This is the second in a series of seven posts on service-oriented architecture derived from a workshop conducted by Cloves Carneiro and Tim Schmelmer at Abril Pro Ruby. The series is called SOA from Day One – A love story in 7 parts.
In the previous article in this series, we laid out some of what we understand about Service-Oriented Architecture, and why we think starting with SOA from day one is a good idea.
To bootstrap things, and to get us focussed on some key areas of developing in a SOA, we have gone ahead and built out a set of apps at varying stages of completion. This, and the following 5 posts will focus on showing some of this code. Exercises to add features, or to refactor will be interspersed.
In this part, we introduce the applications that will constitute our tiny SOA. We will show how to set these applications up locally, how to deploy them to heroku, as well as explain a viable development workflow for building applications in a service-oriented set-up.
The functionality of the entire system is to show deals (aka. ‘inventory items’) available in or near a given city. These items can also be organized by a ‘category’ (aka tag), to cater to the various customers’ areas of interest.
Let’s start out by introducing the sample applications, all of which can be found on my github account.
The Consumer-Facing Application
This application is a classic (albeit entirely DB-less) Rails 4 web app, based on Twitter’s bootstrap. The main features it will be exposing are:
- a list of deals (aka. inventory items) in a market (city)
- links to the pages for nearby cities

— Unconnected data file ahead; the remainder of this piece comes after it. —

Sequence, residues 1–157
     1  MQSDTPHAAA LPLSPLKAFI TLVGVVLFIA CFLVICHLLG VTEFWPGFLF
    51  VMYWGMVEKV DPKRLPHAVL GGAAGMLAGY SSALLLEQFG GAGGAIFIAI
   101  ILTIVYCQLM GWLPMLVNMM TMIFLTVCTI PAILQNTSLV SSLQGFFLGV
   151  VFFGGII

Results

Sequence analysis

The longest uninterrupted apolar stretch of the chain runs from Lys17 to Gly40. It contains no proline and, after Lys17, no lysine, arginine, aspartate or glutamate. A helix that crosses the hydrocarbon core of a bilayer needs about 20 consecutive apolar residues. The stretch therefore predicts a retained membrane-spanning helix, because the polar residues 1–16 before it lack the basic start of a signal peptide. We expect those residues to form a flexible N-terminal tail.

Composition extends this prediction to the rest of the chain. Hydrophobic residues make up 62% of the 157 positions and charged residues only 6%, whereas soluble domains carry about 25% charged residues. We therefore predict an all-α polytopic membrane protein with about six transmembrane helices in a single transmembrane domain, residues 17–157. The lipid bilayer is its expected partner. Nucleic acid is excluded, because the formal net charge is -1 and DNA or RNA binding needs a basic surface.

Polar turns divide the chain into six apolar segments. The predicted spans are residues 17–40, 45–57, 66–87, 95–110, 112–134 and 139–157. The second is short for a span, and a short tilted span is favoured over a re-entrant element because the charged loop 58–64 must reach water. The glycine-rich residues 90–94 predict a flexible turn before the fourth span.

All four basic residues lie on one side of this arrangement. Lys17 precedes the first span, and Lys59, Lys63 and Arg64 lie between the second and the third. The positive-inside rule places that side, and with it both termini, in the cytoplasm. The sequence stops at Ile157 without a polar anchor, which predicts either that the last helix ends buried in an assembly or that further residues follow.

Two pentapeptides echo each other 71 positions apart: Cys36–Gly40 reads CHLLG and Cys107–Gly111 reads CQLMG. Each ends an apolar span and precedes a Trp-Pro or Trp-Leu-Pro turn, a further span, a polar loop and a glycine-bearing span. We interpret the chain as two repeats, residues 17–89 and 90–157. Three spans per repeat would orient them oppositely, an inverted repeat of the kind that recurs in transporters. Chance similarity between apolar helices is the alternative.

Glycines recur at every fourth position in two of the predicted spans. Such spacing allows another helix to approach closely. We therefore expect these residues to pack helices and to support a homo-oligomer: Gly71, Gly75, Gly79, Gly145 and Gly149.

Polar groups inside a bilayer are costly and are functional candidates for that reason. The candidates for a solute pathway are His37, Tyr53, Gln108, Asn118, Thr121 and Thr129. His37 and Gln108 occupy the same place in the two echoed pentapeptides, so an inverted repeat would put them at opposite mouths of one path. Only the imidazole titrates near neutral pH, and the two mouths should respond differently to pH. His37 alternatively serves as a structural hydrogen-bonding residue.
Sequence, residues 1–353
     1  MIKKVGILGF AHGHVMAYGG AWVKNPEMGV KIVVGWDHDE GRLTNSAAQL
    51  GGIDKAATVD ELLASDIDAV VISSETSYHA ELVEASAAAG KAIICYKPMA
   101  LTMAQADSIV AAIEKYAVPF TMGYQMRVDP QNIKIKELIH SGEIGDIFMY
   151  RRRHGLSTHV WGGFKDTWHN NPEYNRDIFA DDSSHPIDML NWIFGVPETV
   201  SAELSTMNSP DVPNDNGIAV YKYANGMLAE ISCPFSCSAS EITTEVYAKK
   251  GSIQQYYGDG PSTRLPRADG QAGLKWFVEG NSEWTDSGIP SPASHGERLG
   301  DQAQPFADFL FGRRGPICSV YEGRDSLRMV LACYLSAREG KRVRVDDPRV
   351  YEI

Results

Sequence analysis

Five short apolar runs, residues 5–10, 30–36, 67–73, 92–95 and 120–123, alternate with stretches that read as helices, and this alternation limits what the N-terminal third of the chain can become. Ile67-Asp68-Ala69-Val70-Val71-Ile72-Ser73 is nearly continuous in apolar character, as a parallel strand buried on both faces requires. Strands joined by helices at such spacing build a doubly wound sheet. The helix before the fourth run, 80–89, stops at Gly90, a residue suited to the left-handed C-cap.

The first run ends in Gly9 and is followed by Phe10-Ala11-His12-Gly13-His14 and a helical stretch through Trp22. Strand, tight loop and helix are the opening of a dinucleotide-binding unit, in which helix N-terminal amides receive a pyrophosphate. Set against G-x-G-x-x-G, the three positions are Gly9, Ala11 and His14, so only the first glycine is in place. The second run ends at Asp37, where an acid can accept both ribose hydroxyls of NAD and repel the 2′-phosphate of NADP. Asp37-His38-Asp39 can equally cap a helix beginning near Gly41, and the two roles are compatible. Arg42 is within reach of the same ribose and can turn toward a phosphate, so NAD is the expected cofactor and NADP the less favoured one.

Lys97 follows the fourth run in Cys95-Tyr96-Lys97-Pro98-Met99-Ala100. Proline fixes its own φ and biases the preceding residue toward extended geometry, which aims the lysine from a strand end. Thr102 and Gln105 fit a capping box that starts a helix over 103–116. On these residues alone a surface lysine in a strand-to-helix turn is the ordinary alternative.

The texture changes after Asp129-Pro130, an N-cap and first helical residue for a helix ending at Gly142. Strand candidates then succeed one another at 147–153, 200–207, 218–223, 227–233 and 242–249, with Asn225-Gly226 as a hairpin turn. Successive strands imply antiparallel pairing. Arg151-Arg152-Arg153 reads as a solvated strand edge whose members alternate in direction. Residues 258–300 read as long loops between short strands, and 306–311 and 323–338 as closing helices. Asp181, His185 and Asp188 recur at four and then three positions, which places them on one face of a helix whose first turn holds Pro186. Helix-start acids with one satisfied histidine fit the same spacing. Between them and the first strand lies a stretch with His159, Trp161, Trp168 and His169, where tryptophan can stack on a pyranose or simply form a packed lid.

- a list of inventory items nearby (i.e., in cities within a given range in miles)
- details about a single inventory item
- shows an item’s image, price, and description
- also shows a section with deals nearby
- a page for deals of a particular category (i.e., inventory items that are tagged as belonging to a particular category)
The above Deals application retrieves all its data from the following backend applications.
This is the application’s core service, and it vends, amongst other things
- general inventory information (price, market, title, image url, description)
- a list of all inventory items
- all items anchored in a particular city
- all items in cities nearby a given city
- plus, the various endpoints to add or manipulate inventory items
This service application is responsible for storing tags, and for associating them with inventory items.
It has the following endpoints for tag management:
- show a list of all tags
- show information about a single tag (which includes list of items tagged)
- create / manipulate tags
As a second set of functionality, it exposes endpoints for managing tagged inventory items, namely:
- to return a list of all inventory items tagged with a given tag
- to return a single tag + item combination
- to create an “item is tagged” relationship (i.e., tag an item)
- to delete an “item is tagged” relationship (i.e., ‘untag’ an item)